Periods of Biotechnology History 3.1. Ancient biotechnology (Pre- 1800): Early applications and speculation 3.2. Classical biotechnology (1800-1950): Significant advances in the basic understanding of Genetics 3.3. Modern biotechnology (1950 onwards): Discovery of DNA, Recombinant DNA technology, genetically modified organisms, animal cloning and stem cell research 3.1. Ancient biotechnology (Pre 1800) Most of the discoveries in biotechnology in the ancient period before 1800 were mainly based on the common observations of nature.
A rapidly changing healthcare industry requires researchers to explore various possibilities in the attempt to develop effective treatment options. The human genome is a complex organism that is vulnerable to invading pathogens and environmental changes. Advancements in human health directly require treatment of the human body on a cellular level. Rigorous examination and experimentation of microorganisms revealed encouraging scientific discoveries. An efficient mechanism promising vast improvements to healthcare is the development of gene manipulation.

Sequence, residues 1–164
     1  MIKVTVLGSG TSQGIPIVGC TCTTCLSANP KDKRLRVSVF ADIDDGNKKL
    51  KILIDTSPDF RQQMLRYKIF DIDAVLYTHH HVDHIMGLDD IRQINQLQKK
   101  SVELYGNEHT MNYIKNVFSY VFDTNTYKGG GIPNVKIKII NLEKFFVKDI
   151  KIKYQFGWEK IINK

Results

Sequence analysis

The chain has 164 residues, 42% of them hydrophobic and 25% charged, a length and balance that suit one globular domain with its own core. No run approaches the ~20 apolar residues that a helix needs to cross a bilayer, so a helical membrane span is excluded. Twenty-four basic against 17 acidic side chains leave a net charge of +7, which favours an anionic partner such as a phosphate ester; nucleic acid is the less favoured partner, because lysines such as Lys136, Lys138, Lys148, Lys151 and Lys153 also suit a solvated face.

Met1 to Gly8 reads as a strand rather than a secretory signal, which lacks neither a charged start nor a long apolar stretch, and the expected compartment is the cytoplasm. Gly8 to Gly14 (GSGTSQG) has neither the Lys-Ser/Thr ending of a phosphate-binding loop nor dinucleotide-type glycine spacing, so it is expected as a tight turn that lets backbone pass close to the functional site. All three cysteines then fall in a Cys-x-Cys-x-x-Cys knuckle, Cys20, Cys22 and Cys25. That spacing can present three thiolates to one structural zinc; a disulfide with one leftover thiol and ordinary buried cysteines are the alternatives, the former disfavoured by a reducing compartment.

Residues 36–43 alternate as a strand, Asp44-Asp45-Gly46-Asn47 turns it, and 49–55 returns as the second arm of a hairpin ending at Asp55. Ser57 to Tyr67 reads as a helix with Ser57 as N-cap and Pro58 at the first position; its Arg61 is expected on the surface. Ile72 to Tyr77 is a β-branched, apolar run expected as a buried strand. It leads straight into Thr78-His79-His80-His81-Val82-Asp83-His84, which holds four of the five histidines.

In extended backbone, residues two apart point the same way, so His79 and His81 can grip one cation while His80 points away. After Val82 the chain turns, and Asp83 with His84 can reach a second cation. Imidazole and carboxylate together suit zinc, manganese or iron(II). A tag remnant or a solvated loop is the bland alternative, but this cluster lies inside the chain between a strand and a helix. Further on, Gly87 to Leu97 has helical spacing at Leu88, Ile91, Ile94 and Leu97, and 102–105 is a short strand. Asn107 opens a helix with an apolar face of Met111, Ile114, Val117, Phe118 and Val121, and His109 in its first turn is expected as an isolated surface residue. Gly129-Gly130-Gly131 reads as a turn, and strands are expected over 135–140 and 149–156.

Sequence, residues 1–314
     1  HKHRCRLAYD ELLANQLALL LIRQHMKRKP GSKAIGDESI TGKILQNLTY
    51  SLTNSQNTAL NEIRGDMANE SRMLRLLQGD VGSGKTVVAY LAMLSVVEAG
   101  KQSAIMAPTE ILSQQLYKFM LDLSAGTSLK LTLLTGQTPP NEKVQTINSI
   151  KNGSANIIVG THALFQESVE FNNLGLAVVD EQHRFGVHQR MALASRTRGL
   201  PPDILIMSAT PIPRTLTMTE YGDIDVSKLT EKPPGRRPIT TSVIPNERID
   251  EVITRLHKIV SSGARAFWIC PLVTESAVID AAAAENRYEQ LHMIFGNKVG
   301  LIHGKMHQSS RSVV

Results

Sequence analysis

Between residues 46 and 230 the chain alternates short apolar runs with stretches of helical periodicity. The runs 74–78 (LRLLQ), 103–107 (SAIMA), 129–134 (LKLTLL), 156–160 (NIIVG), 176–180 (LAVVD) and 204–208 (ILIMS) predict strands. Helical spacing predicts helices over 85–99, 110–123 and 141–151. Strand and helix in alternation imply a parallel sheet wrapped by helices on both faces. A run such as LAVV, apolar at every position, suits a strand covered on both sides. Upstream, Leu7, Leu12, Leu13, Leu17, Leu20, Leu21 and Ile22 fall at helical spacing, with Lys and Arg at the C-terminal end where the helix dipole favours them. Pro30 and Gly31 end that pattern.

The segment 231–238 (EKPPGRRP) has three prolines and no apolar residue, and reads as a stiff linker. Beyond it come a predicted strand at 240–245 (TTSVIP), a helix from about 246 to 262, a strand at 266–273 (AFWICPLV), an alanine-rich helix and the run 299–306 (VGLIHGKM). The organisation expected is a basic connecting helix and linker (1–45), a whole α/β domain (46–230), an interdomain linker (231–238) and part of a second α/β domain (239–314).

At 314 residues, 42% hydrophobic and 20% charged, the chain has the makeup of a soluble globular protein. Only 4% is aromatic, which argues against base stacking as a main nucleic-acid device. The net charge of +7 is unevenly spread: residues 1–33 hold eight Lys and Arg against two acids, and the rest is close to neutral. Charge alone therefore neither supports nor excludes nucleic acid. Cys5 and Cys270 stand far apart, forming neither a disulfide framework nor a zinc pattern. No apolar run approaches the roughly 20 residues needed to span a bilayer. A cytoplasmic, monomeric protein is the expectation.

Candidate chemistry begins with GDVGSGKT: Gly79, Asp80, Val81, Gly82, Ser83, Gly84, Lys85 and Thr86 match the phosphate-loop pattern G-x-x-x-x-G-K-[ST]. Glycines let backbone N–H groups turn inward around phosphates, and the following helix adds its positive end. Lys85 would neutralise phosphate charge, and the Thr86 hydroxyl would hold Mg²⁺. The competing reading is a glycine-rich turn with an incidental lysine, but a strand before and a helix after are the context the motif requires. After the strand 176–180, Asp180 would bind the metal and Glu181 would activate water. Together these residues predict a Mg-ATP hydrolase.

Translational bioinformatics is a newly emerging field of informatics which defines as the development and application of informatics methods to optimize the transformation of increasingly massive biomedical data into practicable knowledge and novel technologies which can improve human health and diseases. There is a tremendous progress in scientific discovery since the foundation of double helix structure. However, it has not translated much into practical health benefit and has become a rate-limiting step for clinical application. Such phenomenon could be due to several barriers, one of which is the connection of molecular entities to clinical entities. There is a paradigm shift in biology where programs are focused upon the development and delivery of genomic and personalized medicine therefore the need for high-throughput and integrative approaches to assemble, manage and analyse the rapidly growing heterogeneous data sets has become imperative (Altman, 2012).